Most clients I work with have an uneasy relationship with fat. Its no wonder. In my 21 years of nutrition experience, I’ve seen the pendulum swing from one extreme to the other regarding fat. I was in University training to become a dietitian during the fat-phobic years. Back when everyone ”knew” that fat was bad for you. To be healthy, you needed to eat a low-fat diet. Pasta and bagels were the king and queen. Practically every parent fed their babies yams and rice cereal as their first foods.
Contrast that to the present where my social media streams are full of avocado recipes and articles espousing the benefits of coconut oil. Parents feed their babies avocado as their first food and ask me whether kids should be taking omega-3 supplements.
Now if that wasn’t confusing enough, you need to add to the mix the fact that the word for “fat” found in food is the same as the word we use to describe someone as being overweight. Experiencing some low self-esteem? You may call it having a “fat” day. In our mainstream culture, “fat” is a derogatory term. That’s why the term “phat” is so clever. And, why there is a movement to reclaim the term. They wouldn’t need to reclaim it if it wasn’t derogatory.
The reality is that fat, like all foods, doesn’t fall into a “always” or “never” category. Like all foods, to be healthy, we need to eat fat in balance. Because we need fat.
- Fat is an essential part of our bodies. It’s used throughout the body. One area that it plays a particularly strong role is in our brain and nervous system.
- There are some vitamins that we need fat to absorb. These are called the fat-soluble vitamins. The fat-soluble vitamins are vitamins A, D, E and K.
- Fat doesn’t raise our blood sugar.
- Fat helps keep us full for longer after we eat a meal.
- Last, but certainly not least, fat tastes fantastic! Whether it’s a creamy, oozy brie, a handful of macadamia nuts, a well-marbled steak, or chocolate melting over your tongue, you can’t deny the pleasure that we receive from fat.
- Bite for bite, fat is the most concentrated source of calories. In our largely sedentary, modern world, it’s easy to eat more calories in a day than we burn.
- Trans fat is dangerous for our hearts. Thankfully, most of the trans fat has been removed from our food supply. But it’s still found in deep fried foods. Well, let me be more specific. It’s found in heavily-used deep frying oil. When you cook fries, calamari, chicken fingers, etc in that old oil, the food absorbs it.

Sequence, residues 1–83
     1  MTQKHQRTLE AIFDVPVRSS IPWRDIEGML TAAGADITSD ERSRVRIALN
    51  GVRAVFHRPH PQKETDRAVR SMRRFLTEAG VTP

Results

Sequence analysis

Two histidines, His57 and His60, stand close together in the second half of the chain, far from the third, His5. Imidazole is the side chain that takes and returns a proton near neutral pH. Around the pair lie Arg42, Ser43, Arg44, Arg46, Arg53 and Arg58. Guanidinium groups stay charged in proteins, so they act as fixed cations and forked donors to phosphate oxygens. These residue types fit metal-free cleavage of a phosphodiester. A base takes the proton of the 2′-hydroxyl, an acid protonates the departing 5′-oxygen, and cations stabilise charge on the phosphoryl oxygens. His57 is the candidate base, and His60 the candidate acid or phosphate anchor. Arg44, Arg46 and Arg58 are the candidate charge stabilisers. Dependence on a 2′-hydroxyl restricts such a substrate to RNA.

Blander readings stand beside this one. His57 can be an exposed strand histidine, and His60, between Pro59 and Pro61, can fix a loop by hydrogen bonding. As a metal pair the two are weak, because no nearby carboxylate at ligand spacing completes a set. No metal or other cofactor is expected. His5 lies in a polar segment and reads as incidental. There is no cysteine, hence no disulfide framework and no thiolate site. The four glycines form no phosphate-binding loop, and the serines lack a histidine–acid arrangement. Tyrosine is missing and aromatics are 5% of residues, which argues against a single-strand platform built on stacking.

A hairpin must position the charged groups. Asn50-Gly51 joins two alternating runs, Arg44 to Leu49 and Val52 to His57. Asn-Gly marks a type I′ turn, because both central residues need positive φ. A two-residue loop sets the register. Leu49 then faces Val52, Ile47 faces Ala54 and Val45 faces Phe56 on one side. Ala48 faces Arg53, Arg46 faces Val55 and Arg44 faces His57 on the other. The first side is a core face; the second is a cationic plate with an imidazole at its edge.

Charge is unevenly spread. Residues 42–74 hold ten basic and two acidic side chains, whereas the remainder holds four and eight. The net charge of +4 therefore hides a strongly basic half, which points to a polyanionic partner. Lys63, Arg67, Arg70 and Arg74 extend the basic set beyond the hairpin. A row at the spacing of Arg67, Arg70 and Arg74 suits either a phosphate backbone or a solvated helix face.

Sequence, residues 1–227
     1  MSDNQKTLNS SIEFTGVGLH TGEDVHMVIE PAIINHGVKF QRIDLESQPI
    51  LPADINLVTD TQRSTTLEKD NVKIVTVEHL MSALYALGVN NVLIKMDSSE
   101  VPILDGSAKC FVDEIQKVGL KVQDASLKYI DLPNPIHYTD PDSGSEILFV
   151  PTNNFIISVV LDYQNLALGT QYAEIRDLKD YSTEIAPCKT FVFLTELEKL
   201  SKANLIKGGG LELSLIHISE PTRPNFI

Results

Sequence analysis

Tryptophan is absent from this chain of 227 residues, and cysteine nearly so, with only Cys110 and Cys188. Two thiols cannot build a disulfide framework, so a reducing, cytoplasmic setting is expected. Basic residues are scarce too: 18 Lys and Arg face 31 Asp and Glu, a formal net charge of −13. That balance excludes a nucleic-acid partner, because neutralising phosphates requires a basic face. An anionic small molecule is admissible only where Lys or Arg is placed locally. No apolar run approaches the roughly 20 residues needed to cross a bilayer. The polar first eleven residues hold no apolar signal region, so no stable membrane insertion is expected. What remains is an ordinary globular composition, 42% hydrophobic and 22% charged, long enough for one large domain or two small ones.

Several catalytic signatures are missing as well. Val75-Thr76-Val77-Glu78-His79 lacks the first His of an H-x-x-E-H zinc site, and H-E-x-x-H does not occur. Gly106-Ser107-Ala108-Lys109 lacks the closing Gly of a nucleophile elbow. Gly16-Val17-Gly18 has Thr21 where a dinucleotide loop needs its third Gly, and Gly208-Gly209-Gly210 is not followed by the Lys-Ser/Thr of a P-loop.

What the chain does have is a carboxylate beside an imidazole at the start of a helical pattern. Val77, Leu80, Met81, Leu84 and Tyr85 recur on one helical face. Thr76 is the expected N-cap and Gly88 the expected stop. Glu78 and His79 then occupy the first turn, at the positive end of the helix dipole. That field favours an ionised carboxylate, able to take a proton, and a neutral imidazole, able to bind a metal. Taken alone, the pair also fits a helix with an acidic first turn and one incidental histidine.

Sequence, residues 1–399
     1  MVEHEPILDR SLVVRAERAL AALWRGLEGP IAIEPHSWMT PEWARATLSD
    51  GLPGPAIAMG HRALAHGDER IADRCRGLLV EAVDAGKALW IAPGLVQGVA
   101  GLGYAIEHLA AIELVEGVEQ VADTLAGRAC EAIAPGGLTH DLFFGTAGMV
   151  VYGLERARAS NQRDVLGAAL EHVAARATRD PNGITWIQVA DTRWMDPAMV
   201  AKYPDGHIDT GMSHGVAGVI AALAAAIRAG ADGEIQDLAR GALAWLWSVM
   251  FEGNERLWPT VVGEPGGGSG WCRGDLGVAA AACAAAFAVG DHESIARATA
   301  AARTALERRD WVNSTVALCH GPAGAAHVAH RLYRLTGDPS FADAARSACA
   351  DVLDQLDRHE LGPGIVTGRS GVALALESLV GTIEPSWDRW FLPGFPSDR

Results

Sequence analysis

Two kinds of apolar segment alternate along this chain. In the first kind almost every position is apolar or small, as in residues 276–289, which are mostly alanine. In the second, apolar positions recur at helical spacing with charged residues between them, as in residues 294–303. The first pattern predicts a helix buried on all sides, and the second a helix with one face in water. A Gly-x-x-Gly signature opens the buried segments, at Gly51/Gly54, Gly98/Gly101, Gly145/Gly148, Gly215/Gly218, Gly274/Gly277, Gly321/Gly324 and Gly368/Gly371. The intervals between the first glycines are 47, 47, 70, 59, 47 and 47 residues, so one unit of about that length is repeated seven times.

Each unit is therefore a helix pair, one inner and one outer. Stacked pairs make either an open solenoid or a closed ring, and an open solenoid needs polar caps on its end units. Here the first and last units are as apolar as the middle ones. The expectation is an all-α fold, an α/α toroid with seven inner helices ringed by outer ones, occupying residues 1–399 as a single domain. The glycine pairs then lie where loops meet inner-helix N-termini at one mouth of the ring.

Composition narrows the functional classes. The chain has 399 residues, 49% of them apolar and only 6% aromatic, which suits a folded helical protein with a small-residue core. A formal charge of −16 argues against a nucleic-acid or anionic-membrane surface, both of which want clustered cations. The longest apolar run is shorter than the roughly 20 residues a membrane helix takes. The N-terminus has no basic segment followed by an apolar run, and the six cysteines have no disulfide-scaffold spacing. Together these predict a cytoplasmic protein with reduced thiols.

- The scientific community has continued to study heart disease and its causes. Some of the early conclusions about saturated fat and the risk of heart disease are being re-considered. This has drawn considerable media attention with conclusions such as saturated fat is healthy. I don’t go that far. I'm waiting for more research before I have an opinion on the healthiness of saturated fat.
- It’s suspected that having an unbalanced omega 3:omega-6 fat ratio contributes to inflammation, which may be at the root of things like heart disease, other diseases, and general aging. The perfect ratio isn’t yet known. But most of us in our modern eating habits likely eat too much omega-6 in relation to omega-3. The answer is to eat more fish, nuts/seeds, avocado, and olive oil, and less highly processed foods.
What to Do in the Meantime:
- Don’t be fat phobic. Enjoy the pleasure that fat provides. Drop the guilt when enjoying treats and reap the maximum pleasure per bite.
- Eat fish twice a week or take fish oil supplements. Don’t consume fish? Go for an algae-based omega-3 supplement.
- Include nuts and seeds daily. Ideas include: sprinkling some hemp hearts on your morning cereal and having a handful of almonds at mid-afternoon snack.
- Include monounsaturated fat-rich foods several times a week (if not daily). Olive oil and avocados are two examples of monounsaturated fat-rich foods. Use olive oil for cold foods (e.g. salad dressing) and foods cooked at low temperature (e.g. roasting veggies). Give the avocado-toast trend a try or substitute avocado for mayo in your egg salad sandwich.
- Eat more foods that are close to the way nature made them and fewer highly processed foods. Another way of saying this is :“Eat foods that someone’s great-grandmother would recognize.”
- Work towards changing your relationship with your body. Be grateful for what it (you) can do. Transition away from focusing on the ways it doesn’t live up to our society’s beauty standard.